DRACULA Recap: “The Blood Is the Life”

     October 25, 2013


One must wonder, instinctively, about a series which premieres in the graveyard Friday slot and uses a perpetually on-the-bubble series (Grimm) as its lead-in.  Is NBC trying to bury Dracula?  Though all magical beings are generally popular at the moment, vampires seem to be (for now, anyway), making room for witches.  Regardless, if you’re going to make a show about a supernatural being, and it’s going to be based on a historical novel, then the best route these days in such a saturated market is to go full-on with the crazy (see: Sleepy Hollow).  Unfortunately for Dracula, the show takes itself pretty seriously.  Hit the jump for more.

dracula-the-blood-is-the-life-jonathan-rhys-meyersLike Sleepy Hollow, which bears almost no resemblance to the material on which it’s based, Dracula employs all of the right names, though under very different circumstances: Dracula (Jonathan Rhys Meyers) himself is posing as an American industrialist, Alexander Grayson, whose grand designs of revenge include alternative energy sources.  Medical student Mina Murray (Jessica De Gouw) is possibly a reincarnation of his burned-at-the-stake wife, and her ambitious boyfriend Jonathan Harker (Oliver Jackson-Cohen) is a journalist, not a lawyer. Renfield (Nonso Anozie) is not an insane lawyer (the show backs away from lawyers in general, it seems), but Dracula’s trusted assistant.  Perhaps most bizarrely, Dr. Van Helsing (Thomas Kretschmann) is in cahoots with Dracula, who he brought back to life.  He must really believe in wireless energy.

What Sleepy Hollow has managed to do successfully is take an old story and put it in a modern setting while making that transition also the point.  Ichabod (Tom Mison) never changes out of his Revolutionary period clothes, and the show’s humor and acknowledgment of its own ridiculousness (usually through Ichabod) is what keeps it from just being high camp.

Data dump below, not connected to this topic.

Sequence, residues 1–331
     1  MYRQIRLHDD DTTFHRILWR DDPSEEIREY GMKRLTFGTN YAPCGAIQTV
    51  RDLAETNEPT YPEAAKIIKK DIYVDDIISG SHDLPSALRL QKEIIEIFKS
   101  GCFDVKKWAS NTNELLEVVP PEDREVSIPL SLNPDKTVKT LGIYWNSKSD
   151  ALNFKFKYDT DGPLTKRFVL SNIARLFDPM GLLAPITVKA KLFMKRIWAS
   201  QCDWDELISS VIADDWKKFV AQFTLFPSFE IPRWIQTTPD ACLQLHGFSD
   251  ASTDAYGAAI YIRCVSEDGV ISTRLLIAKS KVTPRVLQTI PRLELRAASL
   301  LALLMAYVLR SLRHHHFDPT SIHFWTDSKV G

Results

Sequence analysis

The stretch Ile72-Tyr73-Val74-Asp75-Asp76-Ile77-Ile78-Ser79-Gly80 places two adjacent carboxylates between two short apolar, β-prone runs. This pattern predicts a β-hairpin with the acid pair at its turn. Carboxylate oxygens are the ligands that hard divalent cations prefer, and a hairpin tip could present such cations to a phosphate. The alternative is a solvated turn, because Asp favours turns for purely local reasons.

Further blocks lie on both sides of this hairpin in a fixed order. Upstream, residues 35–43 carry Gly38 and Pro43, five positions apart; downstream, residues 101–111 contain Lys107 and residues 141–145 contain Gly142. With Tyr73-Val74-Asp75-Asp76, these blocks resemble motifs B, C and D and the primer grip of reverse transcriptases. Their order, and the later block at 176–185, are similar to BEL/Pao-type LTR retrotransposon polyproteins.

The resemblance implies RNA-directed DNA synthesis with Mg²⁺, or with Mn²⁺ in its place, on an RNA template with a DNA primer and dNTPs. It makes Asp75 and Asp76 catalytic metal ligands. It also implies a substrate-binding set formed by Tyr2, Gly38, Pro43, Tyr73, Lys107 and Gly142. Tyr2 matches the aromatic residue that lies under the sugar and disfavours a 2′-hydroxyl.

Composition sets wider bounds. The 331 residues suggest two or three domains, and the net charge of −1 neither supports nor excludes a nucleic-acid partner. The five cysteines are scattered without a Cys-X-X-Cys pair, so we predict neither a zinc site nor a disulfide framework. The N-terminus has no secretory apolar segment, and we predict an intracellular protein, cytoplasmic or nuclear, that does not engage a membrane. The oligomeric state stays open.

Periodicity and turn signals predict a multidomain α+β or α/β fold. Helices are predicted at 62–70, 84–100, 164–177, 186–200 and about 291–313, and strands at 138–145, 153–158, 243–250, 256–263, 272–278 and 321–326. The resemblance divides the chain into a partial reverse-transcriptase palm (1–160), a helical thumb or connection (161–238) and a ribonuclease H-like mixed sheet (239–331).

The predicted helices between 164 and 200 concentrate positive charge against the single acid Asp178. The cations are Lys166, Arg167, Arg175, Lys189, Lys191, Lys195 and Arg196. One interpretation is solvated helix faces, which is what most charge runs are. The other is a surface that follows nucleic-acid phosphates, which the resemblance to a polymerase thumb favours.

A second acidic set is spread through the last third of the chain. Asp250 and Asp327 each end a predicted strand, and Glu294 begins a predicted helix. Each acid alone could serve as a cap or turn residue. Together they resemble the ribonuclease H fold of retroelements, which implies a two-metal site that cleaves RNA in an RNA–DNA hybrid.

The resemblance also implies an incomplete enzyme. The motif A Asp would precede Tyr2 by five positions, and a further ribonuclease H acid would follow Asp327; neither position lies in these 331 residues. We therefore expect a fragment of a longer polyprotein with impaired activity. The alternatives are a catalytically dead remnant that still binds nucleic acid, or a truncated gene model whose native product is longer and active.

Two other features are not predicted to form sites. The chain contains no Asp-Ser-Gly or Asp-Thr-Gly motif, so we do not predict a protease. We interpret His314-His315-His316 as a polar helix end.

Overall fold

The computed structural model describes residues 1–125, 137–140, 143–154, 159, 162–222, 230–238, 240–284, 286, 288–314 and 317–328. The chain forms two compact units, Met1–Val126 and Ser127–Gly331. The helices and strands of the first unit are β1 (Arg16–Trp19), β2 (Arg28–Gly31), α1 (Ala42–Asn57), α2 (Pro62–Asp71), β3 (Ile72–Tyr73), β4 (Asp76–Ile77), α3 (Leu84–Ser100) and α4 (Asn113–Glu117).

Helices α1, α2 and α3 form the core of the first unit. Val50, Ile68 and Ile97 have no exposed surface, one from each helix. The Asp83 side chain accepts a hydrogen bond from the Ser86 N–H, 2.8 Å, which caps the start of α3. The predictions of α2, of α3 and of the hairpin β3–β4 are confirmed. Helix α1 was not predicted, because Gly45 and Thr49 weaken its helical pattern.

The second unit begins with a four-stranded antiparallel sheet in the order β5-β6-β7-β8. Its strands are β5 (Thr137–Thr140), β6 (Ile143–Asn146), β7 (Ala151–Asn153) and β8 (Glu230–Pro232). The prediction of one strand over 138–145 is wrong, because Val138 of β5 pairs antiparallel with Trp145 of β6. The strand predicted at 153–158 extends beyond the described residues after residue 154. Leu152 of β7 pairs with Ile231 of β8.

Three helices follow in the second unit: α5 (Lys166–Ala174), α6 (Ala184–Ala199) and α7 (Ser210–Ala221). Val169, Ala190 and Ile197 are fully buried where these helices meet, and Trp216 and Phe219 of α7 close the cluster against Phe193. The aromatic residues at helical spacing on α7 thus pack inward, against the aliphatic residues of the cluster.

Dracula, though, is a bit of a mess.  Keeping the story at the turn of the 20th century leads to (though shouldn’t have to) stilted conversations and stuffy attitudes.  Also, Dracula’s seductive nature is no longer all that titillating — modern audiences expect it (that and more, if you watch True Blood).  There needs to be something else at play.  Aside from his vampirism (which isn’t discussed an awful lot, nor is there a sense of connection between Dracula and other vampires, or what the mythology is), Dracula isn’t much more than a weird guy who is obsessed with bringing down oil tycoons.  If this was set in present day, he would seemingly fit in well with the Occupy movement.

dracula-the-blood-is-the-lifeDracula was in a hurry to introduce every well-known character we could think of, and in its fervor it didn’t take time to develop any of them with any interest (aside from Victoria Smurfit as Lady Jane, who kicks ass).  There is also, like just about every show on right now, that subplot about a secret society — this time, the Order of the Dragon — which to the show’s credit does tie in some with the historical Vlad the Impaler.

Granted, this is a pilot, and its point is to parade out all of the recognizable names and tropes and setups so that the story can move forward from there, which is why I’m sticking with it for at least three weeks.  The series (which was ordered straight to series last year without a pilot) still needs to find its way, but there’s certainly hope: Carnivale‘s Daniel Knauf is acting as showrunner and head writer, so hopefully over the next few weeks Dracula will flesh out more (literally?)

Episode Rating: C

Musings and Miscellanea: 

— The show is almost entirely populated with an English and Irish cast.  No wonder there are so many disparaging American remarks!  Meyers’ American accent is very good, though, especially given he’s surrounded by English ones (which can often have a negative effect on American-playing actors)

— Doesn’t anyone Alexander meets think those red-tinged eyes are weird?

dracula-season-1-episode-1— How did Dracula get from the grave to becoming a member of high society?  Was Renfield just standing around waiting for him?  Presumably Van Helsing helped him, which is just so bizarre given the canon mythology.

— “Visionary, delusional, egomaniac” – Harker’s description of Alexander.

— If only Dracula had been able to bring down those oil tycoons and give us wireless power from geomagnetism.  Alas.

— Jack the Ripper was another vampire, of course, why wouldn’t he be?  The show kind of cut off just before we could figure out who that little vampire gremlin was Lady Jane had locked up in the basement, but it’s odd in a way that the vampires don’t work together.  I guess there will be more on that in the future.

— What did you guys think of those effects?  Especially the sudden slow-mo in the fight scene?

This goes out to the Achewood fans, in memory of Bela Lugosi.